The first week of spring here in Chicago has been a mixture of radiant sunshine and sub freezing temperatures. I have been inwardly savoring the sunshine while clutching my pockets and burying my head in my coat.
On Tuesday, I made several trips along Lakeshore Drive — to the Harold Washington Public Library downtown, back to Evanston, back to the South side. I watched the flicker of sunlight across skyscrapers, its winking, springlike energy, meanwhile, clutching the wheel against a strong wind that persisted in nudging my car toward the concrete median…
One usually thinks of Chicago as a stark, wintry city, less green than silver and inclined to make clumsy leaps from winter to summer. The cold alone compromises a person’s ability to stand tall, take everything in, and smell the flowers. It seems that our shared tendency to hunch over, leaning into the wind with gloved, ear-plugged persistence, could easily be a snapshot of that stubborn, ambitious, individualistic American way. Our cultural tendency to forge ahead, in a manner both self-absorbed and disconnected, is not unlike the crowds of Chicagoans hurrying around in their sleeping bag sized coats.
On my short walk to the library to pick up some librettos, I managed to appreciate the combination of frigid air and bright sun. They are an invigorating pair — more Chicagoan in spirit than clichéd harbingers of spring, like budding flowers or soothing rain. I found myself in a sea of hurried, hunched over pedestrians, moving with the mute, tense persistence I would imagine of flower buds pushing through soil. The clutter of the city had a collective grace to it — a no-frills forward thrust containing the energy and buzz of spring. It reminds me of a poem by Galway Kinnell, “Saint Francis And The Sow,” in a free-association kind of way:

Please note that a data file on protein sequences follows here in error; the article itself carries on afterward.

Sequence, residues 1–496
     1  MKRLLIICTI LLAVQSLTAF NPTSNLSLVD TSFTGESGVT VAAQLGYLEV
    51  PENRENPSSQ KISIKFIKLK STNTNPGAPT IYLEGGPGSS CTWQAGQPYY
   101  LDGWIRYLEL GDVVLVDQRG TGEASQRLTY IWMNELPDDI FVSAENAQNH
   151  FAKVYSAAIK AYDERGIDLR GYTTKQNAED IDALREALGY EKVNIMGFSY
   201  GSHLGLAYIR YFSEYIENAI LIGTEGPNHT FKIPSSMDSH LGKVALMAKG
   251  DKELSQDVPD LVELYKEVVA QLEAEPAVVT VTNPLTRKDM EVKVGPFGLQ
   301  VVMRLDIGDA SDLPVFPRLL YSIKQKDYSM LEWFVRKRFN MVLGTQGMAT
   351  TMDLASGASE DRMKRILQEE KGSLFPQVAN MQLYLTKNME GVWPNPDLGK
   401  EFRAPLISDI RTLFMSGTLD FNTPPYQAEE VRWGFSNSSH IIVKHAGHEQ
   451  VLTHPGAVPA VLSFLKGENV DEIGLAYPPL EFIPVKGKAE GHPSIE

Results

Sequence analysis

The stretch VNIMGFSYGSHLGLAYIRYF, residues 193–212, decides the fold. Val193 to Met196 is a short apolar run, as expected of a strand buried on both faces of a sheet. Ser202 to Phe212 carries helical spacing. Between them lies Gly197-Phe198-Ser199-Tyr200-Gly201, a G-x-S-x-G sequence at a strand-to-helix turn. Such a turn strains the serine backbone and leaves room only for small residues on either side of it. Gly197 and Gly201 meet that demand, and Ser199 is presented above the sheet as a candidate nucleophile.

stands for all things,
even for those things that don’t flower…”
“everything flowers, from within, of self-blessing;
though sometimes it is necessary
to reteach a thing its loveliness…”
This poem describes St Francis stroking the wrinkly forehead of a pig, illustrating the idea that everything possesses its own inherent beauty and is worthy of self-love. The pig takes in this unsolicited blessing by more fully embodying itself, “remembering all down her thick length” the “loveliness of a sow.”
I’d also like to imagine that our city of hunched over, hurried, shivering people is a city in bloom, flowering from within. Spring is present in the quick succession of heavy brass doors, elevator dings, and marble floors, followed by the drone of a computer monitor on the eighth floor of the library, humming over the heavy silence of wooden tables and hunched over readers. Outside, spring is the play of light on windshields, the cacophony of brakes sounding out randomly with car horns, whistles, and screeching subway wheels, all reminders of life stirring.
Here is the poem in its entirety.
[Photo: “When He Comes Ridin’ Into Your Town,” Chicago Man’s photostream]